And, David wrote song after song in praise of God, sharing testimonies of his journey from a young man slaying a giant to battle after battle won as a victory of the Lord.

The Bible reminds me that God will never leave me nor forsake me, but when I have moments of weakness, I sometimes forget that truth, and instead, listen to the lies of the enemy. Then I hear someone’s story of what God did for them, or I recognize through my own fog that He has done something surprising for me. A testimony is shared and I once more hold onto the truth that God is good and greatly to be praised, my countenance is lifted, and hope returns to my heart.

Yesappa, Thank You for making me a part of your story, for giving me testimonies to share as encouragement to myself and for others. May my life demonstrate Your goodness, Your love, Your provision, Your sacrifice to those around me. In Jesus’ name. Amen.

Blessings – Julie

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1 Samuel 26-27; 1 Chronicles 8; Acts 18

My friend John is one of the Lost Boys of Sudan. He fled his village at the tender age of 7 and has been separated from his remaining family for over 20 years. He is now a US citizen, but every day he wakes up and Sudan is on his mind. His father is a Sudanese pastor who refuses to leave his congregation, and as a consequence, goes into hiding when the conflict swallows his village. Every time I see John, he gives me the latest news from the Sudan. I can not fathom how he deals with the daily not knowing the ending to his family and his country’s story.

“So on that day Achish gave him Ziklag, and it has belonged to the kings of Judah ever since. David lived in Philistine territory a year and four months.” 1 Samuel 27:6-7.

John’s life provides a glimpse of what it must have been like for David. I read through these Bible stories and easily forget that the people involved didn’t have the advantage of knowing the ending. David woke up every morning with a longing for home and an uncertainty about his circumstances.

“But David said to Abishai, ‘Don’t destroy him! Who can lay a hand on the Lord’s anointed and be guiltless?…But the Lord forbid that I should lay a hand on the Lord’s anointed.'” 1 Samuel 26:9…11.

When given the opportunity to end to his misery by taking Saul’s life, David refuses.  His companion, Abishai must have thought him mad to pass up such a golden moment.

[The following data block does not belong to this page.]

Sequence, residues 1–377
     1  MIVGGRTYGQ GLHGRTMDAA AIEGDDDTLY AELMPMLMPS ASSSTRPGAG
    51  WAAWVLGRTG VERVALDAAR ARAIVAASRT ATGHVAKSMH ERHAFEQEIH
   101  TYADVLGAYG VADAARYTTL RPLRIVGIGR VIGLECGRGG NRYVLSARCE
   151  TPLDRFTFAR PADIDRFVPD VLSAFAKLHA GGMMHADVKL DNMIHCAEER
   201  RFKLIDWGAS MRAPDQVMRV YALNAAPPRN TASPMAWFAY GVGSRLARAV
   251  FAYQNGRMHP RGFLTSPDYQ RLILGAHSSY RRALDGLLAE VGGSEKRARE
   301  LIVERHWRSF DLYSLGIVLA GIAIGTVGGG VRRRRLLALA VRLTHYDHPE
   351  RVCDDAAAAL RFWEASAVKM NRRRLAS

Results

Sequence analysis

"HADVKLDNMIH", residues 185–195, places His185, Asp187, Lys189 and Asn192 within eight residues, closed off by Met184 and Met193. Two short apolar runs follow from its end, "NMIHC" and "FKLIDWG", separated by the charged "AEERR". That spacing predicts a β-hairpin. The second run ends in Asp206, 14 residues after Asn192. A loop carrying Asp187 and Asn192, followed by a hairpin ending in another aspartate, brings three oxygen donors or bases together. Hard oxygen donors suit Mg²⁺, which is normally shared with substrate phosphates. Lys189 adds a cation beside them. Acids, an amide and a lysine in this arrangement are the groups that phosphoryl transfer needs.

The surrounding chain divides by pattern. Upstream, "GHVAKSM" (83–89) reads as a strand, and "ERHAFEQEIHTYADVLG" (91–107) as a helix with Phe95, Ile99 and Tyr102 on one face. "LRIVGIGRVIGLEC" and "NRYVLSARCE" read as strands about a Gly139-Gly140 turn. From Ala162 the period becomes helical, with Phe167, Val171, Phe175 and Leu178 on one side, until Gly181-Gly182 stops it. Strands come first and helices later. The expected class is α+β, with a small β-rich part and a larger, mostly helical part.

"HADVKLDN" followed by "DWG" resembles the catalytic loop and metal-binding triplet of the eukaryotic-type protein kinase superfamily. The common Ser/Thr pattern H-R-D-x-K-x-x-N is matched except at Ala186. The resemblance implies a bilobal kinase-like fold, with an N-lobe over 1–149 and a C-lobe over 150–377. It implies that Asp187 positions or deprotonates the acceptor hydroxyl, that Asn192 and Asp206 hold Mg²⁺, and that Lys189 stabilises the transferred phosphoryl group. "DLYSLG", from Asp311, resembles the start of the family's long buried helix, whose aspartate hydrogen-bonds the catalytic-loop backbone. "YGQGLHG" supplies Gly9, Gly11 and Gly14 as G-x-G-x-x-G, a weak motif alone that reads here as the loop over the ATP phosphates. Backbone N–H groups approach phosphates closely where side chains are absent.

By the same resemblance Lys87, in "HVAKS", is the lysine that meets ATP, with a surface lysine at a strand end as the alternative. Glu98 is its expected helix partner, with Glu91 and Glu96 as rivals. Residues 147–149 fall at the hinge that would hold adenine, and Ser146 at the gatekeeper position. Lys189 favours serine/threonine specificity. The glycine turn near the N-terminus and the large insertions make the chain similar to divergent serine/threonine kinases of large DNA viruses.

Paul, like David remained faithful in the face of great opposition. There was no guarantee that he would see God triumph in the regular opposition he faced. Both men refused to see their lives through the lens of ordinary human understanding and emotion. They held tight to the faith that God held not only their lives, but the very course of history in His hands.

Lord, like my friend John, allow me to see the future with the eyes of David and Paul. We long for the peace and safety that can only be found in you. May we, by the power of the Holy Spirit look to you and know that you are our only hope. Keep us from dwelling on the forces that threaten to overwhelm, but train our eyes on you and your saving grace. Amen

Klueh

 

 

 

 

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1 Samuel 23-24; 1 Chronicles 6; Psalm 54; Acts 16

15David was at Horesh in the Desert of Ziph. He was afraid because Saul was coming to kill him. 16But Saul’s son Jonathan went to David at Horesh. He helped David have stronger faith in God. 17Jonathan told him, “Don’t be afraid. My father won’t touch you. You will become king of Israel, and I will be second to you. Even my father Saul knows this.” 18The two of them made an agreement before the Lord. Then Jonathan went home. But David stayed at Horesh. 1 Samuel 23:15-18 (ICB)

Godly friendships help me have stronger faith in God.

Humans were created for relationship, companionship. We were created to interact, connect. We were designed to offer strength and encouragement in moments of others’ weaknesses and receive the same when weakened.

When David was struggling, pursued by a king who wanted him dead, his friend Jonathon stepped in to bolster David’s faith – faith that he’d been called, that he’d become the king as anointed, that he wouldn’t be slain by Saul. He encouraged him with the truth to continue on in the journey that had been set before him with courage and strength and without doubts to sway him.